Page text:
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March 04, 2004

It's a Toss-Up. Or is it?

An article in Science News reports that a new analysis suggests that coin tosses are inherently biased - the coin is more likely to land on the face it started with when it's tossed.

There's a discussion about coin tossing in Tom Stoppard's Rosencrantz and Guildenstern are Dead, although I can't remember if it's Rosencrantz or Guildenstern who's consumed about having tossed a coin 99 times and it continually landing on heads (or was it tails?). The point that life is chance, it's all a random toss-up, is slightly turned on its head (or tail) with the discovery that the metaphor is inherently biased. Then again, perhaps Stoppard's Rosencrantz, or Guildenstern, is superhumanly precise and could toss a coin randomly every time.

Damn scientists. ;)

Yours, &c., LC | 12:06 PM | Sundries | Comments (5) | TrackBack (0)

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Heads. It's always heads, and it never stops being heads; a brilliant start to a wonderful play.

I played Rosencrantz in college, and he is happily and blissfully unconcerned at each iteration of the coin: it's the major character point for the two of them, to my mind. Ros is overjoyed each time he wins - he always calls heads - and is full of eager hope each time the coin is tossed. Guildenstern, on the other hand, is unconcerned with the momentary bet and the instant toss, and is disturbed at the creepy rebuff of the laws of nature.

Posted by: Linus at March 4, 2004 02:15 PM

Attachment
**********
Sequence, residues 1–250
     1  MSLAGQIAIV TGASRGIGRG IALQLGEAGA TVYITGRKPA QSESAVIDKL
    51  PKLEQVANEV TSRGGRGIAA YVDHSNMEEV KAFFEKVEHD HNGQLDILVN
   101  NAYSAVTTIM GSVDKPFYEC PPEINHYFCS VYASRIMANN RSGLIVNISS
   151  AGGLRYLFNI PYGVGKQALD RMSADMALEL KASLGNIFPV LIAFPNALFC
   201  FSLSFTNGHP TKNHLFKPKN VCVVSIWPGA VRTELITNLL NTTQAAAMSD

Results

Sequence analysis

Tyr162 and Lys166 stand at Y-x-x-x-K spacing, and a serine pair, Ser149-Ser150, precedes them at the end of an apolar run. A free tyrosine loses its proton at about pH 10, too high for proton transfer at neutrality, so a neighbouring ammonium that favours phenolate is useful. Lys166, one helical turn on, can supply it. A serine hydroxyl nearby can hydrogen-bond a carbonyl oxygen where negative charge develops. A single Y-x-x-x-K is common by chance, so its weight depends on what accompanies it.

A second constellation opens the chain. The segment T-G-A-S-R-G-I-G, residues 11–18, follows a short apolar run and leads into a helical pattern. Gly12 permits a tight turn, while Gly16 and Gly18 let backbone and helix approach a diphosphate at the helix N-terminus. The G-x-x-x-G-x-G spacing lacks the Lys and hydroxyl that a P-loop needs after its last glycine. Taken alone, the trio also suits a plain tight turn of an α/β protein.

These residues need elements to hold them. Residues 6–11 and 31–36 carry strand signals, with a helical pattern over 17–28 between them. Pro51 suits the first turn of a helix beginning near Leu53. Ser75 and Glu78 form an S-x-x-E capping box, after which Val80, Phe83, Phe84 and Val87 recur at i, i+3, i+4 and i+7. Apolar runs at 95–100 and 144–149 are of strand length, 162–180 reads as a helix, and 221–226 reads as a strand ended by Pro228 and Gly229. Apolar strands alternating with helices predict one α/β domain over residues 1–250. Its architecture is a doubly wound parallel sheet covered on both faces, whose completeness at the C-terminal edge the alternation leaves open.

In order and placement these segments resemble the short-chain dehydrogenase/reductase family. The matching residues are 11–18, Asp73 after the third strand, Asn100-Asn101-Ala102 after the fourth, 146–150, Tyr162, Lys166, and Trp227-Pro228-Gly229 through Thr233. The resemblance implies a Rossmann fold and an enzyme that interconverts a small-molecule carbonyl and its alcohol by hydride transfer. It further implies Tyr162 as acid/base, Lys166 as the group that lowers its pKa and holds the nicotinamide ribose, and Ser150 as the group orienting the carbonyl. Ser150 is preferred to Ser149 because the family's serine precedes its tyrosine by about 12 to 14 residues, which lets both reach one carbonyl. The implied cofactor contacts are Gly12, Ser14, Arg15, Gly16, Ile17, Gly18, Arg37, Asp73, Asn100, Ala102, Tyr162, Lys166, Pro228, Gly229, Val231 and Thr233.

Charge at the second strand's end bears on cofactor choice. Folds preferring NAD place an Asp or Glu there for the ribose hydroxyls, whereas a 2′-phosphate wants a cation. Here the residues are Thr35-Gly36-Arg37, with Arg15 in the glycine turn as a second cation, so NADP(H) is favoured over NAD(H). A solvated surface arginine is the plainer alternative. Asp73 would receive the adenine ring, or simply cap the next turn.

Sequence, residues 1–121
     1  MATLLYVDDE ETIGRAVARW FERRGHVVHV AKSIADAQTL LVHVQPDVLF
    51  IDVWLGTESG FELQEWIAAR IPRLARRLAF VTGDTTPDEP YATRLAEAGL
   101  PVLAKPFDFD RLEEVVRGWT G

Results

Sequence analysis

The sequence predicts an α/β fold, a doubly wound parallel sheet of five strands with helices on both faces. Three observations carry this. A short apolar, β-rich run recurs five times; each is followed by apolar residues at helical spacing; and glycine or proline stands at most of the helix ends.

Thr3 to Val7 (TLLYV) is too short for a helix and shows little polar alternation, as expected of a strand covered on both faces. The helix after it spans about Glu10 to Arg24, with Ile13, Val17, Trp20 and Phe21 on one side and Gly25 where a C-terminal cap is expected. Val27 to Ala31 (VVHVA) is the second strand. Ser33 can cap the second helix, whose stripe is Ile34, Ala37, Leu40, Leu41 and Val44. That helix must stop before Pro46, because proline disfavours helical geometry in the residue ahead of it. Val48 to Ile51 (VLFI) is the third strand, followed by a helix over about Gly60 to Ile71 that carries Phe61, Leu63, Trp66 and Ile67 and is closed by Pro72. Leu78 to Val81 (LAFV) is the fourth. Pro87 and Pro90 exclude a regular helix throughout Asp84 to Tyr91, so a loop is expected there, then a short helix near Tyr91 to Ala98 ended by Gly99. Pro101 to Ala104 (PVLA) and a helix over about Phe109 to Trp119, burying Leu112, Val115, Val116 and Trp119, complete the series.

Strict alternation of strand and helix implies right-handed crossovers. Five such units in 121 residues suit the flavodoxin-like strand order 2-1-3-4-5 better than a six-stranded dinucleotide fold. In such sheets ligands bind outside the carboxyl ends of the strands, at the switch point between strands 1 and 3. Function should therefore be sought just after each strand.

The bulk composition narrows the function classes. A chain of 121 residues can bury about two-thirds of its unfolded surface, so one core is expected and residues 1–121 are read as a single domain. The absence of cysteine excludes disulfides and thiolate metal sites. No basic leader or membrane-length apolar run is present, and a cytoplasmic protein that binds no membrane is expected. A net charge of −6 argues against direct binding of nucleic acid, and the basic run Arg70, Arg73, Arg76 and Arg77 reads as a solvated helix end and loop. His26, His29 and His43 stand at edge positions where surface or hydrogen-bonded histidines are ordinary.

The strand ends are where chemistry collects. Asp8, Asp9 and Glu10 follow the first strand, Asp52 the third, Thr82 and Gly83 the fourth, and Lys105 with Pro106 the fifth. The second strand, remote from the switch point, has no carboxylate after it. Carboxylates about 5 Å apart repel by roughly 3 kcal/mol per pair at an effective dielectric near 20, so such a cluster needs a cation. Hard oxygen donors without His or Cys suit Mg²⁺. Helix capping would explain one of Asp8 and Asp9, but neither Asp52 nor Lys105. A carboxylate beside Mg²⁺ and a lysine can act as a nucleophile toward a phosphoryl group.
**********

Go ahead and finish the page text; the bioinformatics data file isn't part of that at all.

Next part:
i need to see it again, it's been so long. is it on dvd?

Posted by: marco at March 4, 2004 04:42 PM

It is on DVD, or was as I'm not sure it's in print now.

As for the Science News article, I found this interesting: "Their preliminary data suggest that a coin will land the same way it started about 51 percent of the time. It would take about 10,000 tosses before a casual observer would become aware of such a small bias, Diaconis says. 'Maybe that's why society hasn't noticed this before,' he says."

It's things like this that make my eyes roll whenever I see an estimator referred to as "asymptotically unbiased."

Posted by: Scott at March 4, 2004 04:49 PM

It's things like this that make my eyes roll whenever I see an estimator referred to as "asymptotically unbiased."

Which means...?

Posted by: LadyCrumpet at March 5, 2004 09:18 AM

"Asymptotically unbiased" means that with "enough" data the estimate of a particular parameter approaches the actual value of the parameter. What I really want to know is, how much data is enough?

Posted by: Scott at March 5, 2004 09:37 AM